The Celtic Church emphasized active participation in the worship by the people; while the deacon led the congregation in prayers, the people would respond with psalms and hymns. The deacon fulfilled an important link between priest and people. Celtic bishops were under the authority of abbots. The clergy could, of course, marry but this was not unique because it was only in the eleventh century that Rome expressly forbade its clergy to marry. Pope Leo IX (1002-1054) launched a programme of clerical reform, discouraging priests from marrying. The institution of celibacy of the priesthood meant the chuch properties came under the ownership of Rome which became very wealthy overnight. In the Celtic world there were mixed monasteries in which the religieux of both sexes lived and worked. Of course, in the Eastern Church today, the clergy can still marry. Confession was not obligatory but voluntary and could be made in public or to a chosen 'soul friend'. Absolution did not follow immediately, and sometimes a penance could last some years.
Continued...
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Old Feb 22, '12, 5:32 pm
WJL WJL is offline
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Default Re: The Claim that St. Patrick & the Celtic Church Weren't Catholic

Continued...

Quote:
The most famous difference between the Celtic Church and Rome was the dating of Easter. The rules governing the Christian calendar were originally agreed at Nicaea in AD 325 with the years reckoned from the year of the birth of Christ. Rome altered its computations during the time of Pope Leo I (AD 440-461) when the 'Alexandrian computation' was adopted in AD 444. Amendments were added by Victorius of Aquitaine during the time of Pope Hilary (AD 461-468) and more were adopted following proposals by Dionysius Exiguus during the pontificate of Felix III (IV) in AD 527. The last time Rome seriously altered the calendrical system, which now affects the entire Christian calendar, was in 1581 when Pope Gregory XIII ordained that ten days be dropped and the years ending in hundreds be leap years only if divisible by 400. The Gregorian Calendar was eventually adopted throughout the Christian world, by England in 1752, and by the Eastern Orthodox world this century.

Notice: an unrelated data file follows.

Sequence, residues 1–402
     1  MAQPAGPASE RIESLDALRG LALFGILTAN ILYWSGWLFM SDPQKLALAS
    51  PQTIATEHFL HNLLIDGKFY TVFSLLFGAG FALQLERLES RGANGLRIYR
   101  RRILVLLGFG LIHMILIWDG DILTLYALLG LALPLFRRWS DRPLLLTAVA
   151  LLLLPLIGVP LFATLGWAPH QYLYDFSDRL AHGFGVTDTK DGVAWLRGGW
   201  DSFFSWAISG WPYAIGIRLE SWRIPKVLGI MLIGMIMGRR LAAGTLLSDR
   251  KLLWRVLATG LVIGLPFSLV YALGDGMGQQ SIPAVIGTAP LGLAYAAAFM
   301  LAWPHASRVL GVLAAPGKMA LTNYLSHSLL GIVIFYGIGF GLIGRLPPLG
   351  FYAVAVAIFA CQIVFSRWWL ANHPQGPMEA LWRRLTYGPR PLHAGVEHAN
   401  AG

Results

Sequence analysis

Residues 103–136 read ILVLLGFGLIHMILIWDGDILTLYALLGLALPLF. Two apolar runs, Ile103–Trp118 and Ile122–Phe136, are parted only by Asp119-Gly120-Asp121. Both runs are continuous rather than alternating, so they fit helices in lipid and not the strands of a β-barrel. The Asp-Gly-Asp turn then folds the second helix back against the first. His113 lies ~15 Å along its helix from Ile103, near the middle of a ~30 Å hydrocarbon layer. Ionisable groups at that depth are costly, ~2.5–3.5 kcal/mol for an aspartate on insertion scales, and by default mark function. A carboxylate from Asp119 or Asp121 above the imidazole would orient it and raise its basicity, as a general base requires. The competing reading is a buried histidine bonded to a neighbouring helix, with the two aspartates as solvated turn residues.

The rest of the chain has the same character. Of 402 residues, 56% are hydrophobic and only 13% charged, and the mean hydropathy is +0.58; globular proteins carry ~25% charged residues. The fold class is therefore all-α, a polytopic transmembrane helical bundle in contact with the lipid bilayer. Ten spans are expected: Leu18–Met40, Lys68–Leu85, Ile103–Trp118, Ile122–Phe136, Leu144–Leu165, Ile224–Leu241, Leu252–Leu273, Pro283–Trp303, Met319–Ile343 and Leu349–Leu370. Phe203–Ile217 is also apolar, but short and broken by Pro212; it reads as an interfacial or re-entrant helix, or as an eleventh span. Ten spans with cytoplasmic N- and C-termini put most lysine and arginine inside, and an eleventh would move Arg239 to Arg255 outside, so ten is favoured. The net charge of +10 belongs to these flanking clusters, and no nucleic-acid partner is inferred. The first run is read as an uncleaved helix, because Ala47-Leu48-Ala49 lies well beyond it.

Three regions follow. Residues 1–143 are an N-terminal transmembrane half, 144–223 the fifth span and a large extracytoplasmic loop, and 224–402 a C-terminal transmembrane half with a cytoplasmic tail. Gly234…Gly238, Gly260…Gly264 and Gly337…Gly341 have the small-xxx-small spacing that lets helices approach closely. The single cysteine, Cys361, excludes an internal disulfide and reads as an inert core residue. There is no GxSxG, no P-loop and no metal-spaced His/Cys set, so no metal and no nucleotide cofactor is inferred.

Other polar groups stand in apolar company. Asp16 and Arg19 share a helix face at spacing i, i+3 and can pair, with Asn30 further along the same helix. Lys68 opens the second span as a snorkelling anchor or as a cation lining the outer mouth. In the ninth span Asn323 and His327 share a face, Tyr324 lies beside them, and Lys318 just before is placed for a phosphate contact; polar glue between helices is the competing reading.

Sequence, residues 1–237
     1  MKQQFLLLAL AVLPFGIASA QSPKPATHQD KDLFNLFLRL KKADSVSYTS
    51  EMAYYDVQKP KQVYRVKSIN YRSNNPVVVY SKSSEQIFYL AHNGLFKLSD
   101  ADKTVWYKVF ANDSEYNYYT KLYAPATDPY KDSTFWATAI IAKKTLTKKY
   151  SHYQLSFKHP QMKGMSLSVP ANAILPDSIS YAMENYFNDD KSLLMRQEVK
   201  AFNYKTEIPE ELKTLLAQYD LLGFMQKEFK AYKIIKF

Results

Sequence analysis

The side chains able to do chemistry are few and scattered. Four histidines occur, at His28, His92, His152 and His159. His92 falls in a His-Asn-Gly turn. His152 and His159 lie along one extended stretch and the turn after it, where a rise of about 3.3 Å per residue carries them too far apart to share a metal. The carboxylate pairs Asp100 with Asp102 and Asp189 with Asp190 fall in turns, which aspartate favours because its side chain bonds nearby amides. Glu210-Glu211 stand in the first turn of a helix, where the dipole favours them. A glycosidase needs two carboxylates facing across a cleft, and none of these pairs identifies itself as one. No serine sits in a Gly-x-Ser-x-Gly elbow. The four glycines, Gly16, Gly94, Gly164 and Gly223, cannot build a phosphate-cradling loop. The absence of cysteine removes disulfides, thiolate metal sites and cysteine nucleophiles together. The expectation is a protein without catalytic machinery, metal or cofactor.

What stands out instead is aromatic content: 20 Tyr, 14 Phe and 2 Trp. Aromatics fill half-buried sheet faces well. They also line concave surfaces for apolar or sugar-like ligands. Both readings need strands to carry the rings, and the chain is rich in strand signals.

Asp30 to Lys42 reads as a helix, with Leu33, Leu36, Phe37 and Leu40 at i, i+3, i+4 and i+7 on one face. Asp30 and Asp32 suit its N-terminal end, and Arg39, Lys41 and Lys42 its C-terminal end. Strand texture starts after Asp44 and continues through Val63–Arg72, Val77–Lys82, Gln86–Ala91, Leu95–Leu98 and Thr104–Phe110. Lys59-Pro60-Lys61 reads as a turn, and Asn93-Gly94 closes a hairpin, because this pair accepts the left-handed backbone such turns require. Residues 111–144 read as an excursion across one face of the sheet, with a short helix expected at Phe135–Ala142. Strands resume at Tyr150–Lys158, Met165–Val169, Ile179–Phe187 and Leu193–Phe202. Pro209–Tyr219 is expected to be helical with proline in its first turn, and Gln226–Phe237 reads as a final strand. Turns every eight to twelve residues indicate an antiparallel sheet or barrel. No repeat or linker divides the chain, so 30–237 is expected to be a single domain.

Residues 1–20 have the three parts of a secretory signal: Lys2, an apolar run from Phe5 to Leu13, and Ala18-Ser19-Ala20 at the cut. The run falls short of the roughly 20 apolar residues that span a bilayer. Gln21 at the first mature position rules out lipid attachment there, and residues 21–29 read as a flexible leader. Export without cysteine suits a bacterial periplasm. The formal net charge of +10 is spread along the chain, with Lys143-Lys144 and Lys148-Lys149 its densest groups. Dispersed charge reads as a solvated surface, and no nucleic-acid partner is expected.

The Celts saw the early amendments taking them further from the original dates and rendering the commemorative ceremonies and anniversaries arbitrary and without meaning. Celtic computations remained those inherited from the early Council of Arles in AD 314, attended by four British Celtic bishops, and were based on the Hebrew lunar calendar which allowed Easter to fall, as did the Passover, in the month of Nisan. This was the seventh and spring month of the Hebrew calendar (March/April) in which the Passover fell at the full moon. Under this method, the first Easter had been on the fourteenth day of Nisan. Using this calculation, the Celts celebrated the festival on whatever Sunday fell between the fourteenth and twentieth days after the first full moon following the spring equinox. They would do this even if Easter then fell on the same day as the Passover.

The early Christians adopted the name of the Passover festival as the name for the commemoration of the death of Christ because he had been executed at that time. Paul, in his first epistle or letter to the Corinthians (1 Cor. 5:7), had referred to Christ as their 'Passover lamb' or sacrifice. So the Christians celebrated the Hebrew Passover in memory of Christ's execution and called it, in the Latin calendar, Pasca from the Hebrew Pesach (Passover). To the Celts, it became a little nonsensical when, in AD 325, the Council of Nicaea declared it unlawful to celebrate a Christian festival on the same day as a Hebrew one. After all, Jesus, a Hebrew, was known to have been executed during that particular Hebrew feast. The Christian Easter then became an arbitrary date for the commemoration and not one with any relevance to the actual anniversary. Seen from this point in time, it could well be argued that the Celtic dating of Easter was far more accurate than the later reformed calculations.